Oral Health Group

GPS dentistry: Discover your direction and destination


May 28, 2010
by ken

In the course of looking for information on “green” office design, I identified several interesting websites and an article from Dental Economics worth reposting……

Medieval dentist removing tooth

Image via Wikipedia

http://www.practicedesigngroup.com
http://www.unthank.com
http://www.burkhartdental.com

Each provided an interesting feature – floor plans, design, et al…..but in retrospect, I wondered if we know when we start our practice, our careers, what to expect, how to anticipate need, growth, if we are able to envision how “we” will grow as individuals, practice managers, how our clinical skills will develop,how to stay focused on evidence based dentistry and yet assimilate the onslaught of new technologies……..as such,over the next few months, I plan on looking for articles that address the psychological and experiential needs of dental practice.  How do we distill what we are “sold”, from what we can intelligently assess.  I welcome comments, inputs, directions……..

What
do you expect?

The Law of Expectation simply says that you get
what you expect. I know it sounds a bit like psychobabble, but I’ve seen
it play out over and over again with both positive and negative
results. Wrong thinking and negative expectations can be dangerous. I
remember a conversation with a client of mine whose practice had just
experienced a tragic event. Upon meeting with him, I was astounded to
hear him say, “I kind of expected it to happen.”

What?! He went on
to explain that after years of growth, he knew something bad was bound
to happen eventually. He had a clear expectation that disaster would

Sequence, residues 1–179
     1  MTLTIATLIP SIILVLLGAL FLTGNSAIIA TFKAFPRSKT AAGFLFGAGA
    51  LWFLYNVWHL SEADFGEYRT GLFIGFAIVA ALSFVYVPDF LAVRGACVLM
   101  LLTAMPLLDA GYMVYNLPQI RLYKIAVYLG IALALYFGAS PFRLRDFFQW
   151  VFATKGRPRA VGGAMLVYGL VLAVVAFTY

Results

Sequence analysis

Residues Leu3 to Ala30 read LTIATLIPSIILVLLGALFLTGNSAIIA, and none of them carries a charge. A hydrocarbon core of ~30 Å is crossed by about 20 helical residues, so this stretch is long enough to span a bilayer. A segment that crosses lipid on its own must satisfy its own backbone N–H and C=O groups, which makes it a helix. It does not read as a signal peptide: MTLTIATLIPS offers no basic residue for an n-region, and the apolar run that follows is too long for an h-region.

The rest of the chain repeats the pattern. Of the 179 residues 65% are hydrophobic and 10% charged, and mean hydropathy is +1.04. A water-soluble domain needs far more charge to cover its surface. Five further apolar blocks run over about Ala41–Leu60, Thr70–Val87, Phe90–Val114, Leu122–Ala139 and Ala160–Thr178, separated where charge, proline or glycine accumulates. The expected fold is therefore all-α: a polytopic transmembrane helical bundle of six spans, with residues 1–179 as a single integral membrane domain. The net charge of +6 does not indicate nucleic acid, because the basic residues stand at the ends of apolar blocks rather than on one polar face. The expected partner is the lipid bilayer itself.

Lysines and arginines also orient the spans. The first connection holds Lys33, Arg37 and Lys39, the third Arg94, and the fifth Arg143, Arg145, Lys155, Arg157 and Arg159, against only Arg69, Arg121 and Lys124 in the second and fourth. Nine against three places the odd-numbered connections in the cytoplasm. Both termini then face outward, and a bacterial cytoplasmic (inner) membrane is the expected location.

befall his practice. Coincidence? Or, do we get what we expect?

I
remember meeting with a doctor and his wife about their new-patient
expectations. My goal was to get them on the same page. The wife
expected 40 new patients each month of the previous year while her
husband expected only20. Miraculously, after we looked at the practice’s
performance in the past year, they had 361 new patients — an average of
30 per month. Coincidence? Or do we get what we expect?

Take a
few moments and write out your clear expectations for your practice
including your staff, your patients, your income, your time invested,
and everything else that makes up your dream practice. Find people who
will be supportive and share your dream expectations with them. Then
share it with everyone connected to your practice.

Do it now and
see if your results move closer to your expectations.

What are
you focused on? Part 1

The Law of Attraction simply says that you
will attract whatever you focus on. This law has become popular of
late, so let me clarify from the beginning that I am not talking about
some magical potion to make $10 million arrive in your mailbox tomorrow.
However, experience has taught me that what you focus on, you will
attract.

After speaking about this concept at an event, I was
pulled aside by a frantic doctor. He went on to explain that his
grandfather and his father died with massive debt. He resolved never to
be in debt like they were and yet now, at age 50, he found himself in
over his head with debt.

How does that work? His focal point of
attraction became “debt, debt, debt.” It should have been “abundance,
abundance, abundance.”

If your town is like most, you have a few
great dentists that attract great patients and also your share of weirdo
doctors that attract weirdo patients. Two practices may be within
walking distance of each other, using the same signage and advertising
with both providing good dental care. Yet, their staff and patients
couldn’t be more different. Why? The law of attraction is at work.

Focus
on what you want to attract, not what you want to avoid.

What
are you focused on? Part 2

The Law of Expansion simply says that
whatever we focus on expands. One sure way to see the number of problems
expand in your practice is to focus on them. Focus on “no shows” and